Grants We Funded
In 2019, The Plastic Surgery Foundation (The PSF) awarded 33 investigator-initiated projects and allocated $891,274 to support the newest, clinically relevant research in plastic surgery.
The American Society of Plastic Surgeons/PSF leadership is committed to continuing to provide high levels of investigator-initiated research support to ensure that plastic surgeons have the needed research resources to be pioneers and innovators in advancing the practice of medicine.
Search The PSF database to have easy access to full-text grant abstracts from past PSF-funded research projects 2003 to present. All abstracts are the work of the Principal Investigators and were retrieved from their PSF grant applications. Several different filters may be applied to locate abstracts specific to a particular focus area, or PSF funding mechanism.
Enhancement of Wound Healing through Autologous CRISPR/Cas-edited Dendritic Cells
Dominic Henn MD
Translational and Innovation Research Grant
Wounds / Scar
The goal of our project is to develop a novel therapeutic approach to facilitate healing of chronic wounds, e.g. in patients with diabetes or atherosclerotic vascular disease by isolating an individual's own dendritic cells (DCs) and reapplying them to the wound bed after CRISPR/Cas9 gene editing (adoptive cell transfer, ACT). The target gene to be modified in its expression is the N-Myc downstream-regulated gene 2 (NDRG2), which is highly expressed in DCs and controls the growth of several human tissues, including blood vessels, by inhibiting cell proliferation and enhancing apoptosis. We hypothesize that targeted knockout of NDRG2 in DCs promotes angiogenesis and facilitates wound healing. To test this hypothesis, we will establish a co-culture system of human umbilical vein endothelial cells (HUVECs) and activated monocyte-derived DCs to determine the effect of NDRG2 knockout resp. drug-induced down-regulation in DCs on endothelial cell behavior in vitro (Specific Aim #1). Moreover, we will investigate whether ex vivo knockout of NDRG2 in DCs by means of CRISPR/Cas9 facilitates wound healing in diabetic and non-diabetic mouse full-thickness excisional wound models. Our long-term objective is to transfer the acquired knowledge into more complex models of large mammals and, as an ultimate goal, to develop clinically applicable tools to save patients with impaired wound healing from amputations.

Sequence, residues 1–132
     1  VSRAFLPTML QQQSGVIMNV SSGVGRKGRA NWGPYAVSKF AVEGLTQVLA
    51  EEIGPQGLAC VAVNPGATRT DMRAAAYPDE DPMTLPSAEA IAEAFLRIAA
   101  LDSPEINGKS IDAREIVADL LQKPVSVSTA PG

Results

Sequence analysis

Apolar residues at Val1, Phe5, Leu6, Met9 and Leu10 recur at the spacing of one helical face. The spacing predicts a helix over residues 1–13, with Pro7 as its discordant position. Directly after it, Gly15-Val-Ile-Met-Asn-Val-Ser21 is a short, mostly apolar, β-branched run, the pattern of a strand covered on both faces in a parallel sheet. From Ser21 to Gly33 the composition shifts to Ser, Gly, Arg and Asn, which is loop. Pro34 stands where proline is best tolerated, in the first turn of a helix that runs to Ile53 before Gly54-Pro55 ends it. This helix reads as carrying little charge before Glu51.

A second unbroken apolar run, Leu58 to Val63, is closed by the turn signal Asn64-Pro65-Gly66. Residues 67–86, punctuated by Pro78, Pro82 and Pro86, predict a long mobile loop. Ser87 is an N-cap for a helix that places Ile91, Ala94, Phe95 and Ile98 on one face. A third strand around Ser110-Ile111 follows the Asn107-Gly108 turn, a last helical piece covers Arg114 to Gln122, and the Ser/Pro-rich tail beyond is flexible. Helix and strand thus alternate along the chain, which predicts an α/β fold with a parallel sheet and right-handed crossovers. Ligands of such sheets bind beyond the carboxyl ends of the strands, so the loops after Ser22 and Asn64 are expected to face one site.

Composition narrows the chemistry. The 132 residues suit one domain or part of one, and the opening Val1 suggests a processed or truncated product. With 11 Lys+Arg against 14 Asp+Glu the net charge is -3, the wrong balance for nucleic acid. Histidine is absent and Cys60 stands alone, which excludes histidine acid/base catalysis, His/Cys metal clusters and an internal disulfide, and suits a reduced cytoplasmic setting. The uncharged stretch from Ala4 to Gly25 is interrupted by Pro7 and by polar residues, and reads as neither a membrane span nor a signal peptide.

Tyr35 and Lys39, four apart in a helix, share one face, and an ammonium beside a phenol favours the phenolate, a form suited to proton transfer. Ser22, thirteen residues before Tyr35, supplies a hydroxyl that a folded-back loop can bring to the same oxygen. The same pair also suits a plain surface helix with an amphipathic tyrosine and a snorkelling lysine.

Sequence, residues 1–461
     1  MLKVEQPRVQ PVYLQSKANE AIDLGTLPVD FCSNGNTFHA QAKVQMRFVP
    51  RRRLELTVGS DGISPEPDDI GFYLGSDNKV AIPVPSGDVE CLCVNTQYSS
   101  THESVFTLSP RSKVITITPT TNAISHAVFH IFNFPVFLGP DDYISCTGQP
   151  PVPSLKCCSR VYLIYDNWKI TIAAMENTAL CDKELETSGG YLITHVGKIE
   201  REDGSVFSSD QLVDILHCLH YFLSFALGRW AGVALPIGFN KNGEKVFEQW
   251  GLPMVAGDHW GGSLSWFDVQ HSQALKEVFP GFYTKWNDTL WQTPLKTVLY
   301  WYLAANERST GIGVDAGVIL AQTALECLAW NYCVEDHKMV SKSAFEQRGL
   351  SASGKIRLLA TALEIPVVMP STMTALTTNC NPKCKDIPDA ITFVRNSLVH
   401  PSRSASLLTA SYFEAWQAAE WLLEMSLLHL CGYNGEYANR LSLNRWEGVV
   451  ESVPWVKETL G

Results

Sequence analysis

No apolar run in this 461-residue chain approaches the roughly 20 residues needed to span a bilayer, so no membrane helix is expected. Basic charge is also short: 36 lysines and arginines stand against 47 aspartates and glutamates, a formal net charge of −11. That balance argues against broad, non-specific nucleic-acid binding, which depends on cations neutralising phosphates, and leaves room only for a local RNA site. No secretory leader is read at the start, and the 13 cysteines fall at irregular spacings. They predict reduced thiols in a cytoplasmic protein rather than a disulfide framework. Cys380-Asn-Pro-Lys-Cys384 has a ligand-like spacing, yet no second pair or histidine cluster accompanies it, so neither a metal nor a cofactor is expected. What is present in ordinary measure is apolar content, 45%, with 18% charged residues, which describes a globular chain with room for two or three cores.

I was born in 1989 in Idar-Oberstein, Germany. Before entering medical school in 2007, I had aspired to become a professional piano player, winning a medal of excellence at an international contest in Paris. I studied medicine at Freiburg University as a scholar of the German National Academic Foundation and received a magna cum laude degree for my doctoral thesis at the Dept. of Thoracic and Cardiovascular Surgery at Saarland University, investigating gene expression in the aortic wall of patients with aortic valve malformations. Working on basic science research projects during medical school allowed me to gain hands-on experience in molecular genetic techniques. After graduating from Freiburg University in 2014 (overall grade: 1.0 – outstanding), I entered the integrated Plastic Surgery residency program at Heidelberg University (Chairman: Ulrich Kneser, MD) and continued basic science research on gene and microRNA expression in small and large animal models as well as human patients. I passed the USMLE Steps 1 – 3 and received the ECFMG certificate. For the years 2019 and 2020, I received a research scholarship from the German Research Foundation, giving me the opportunity to join Dr. Geoffrey C. Gurtner’s laboratory at Stanford as a postdoc.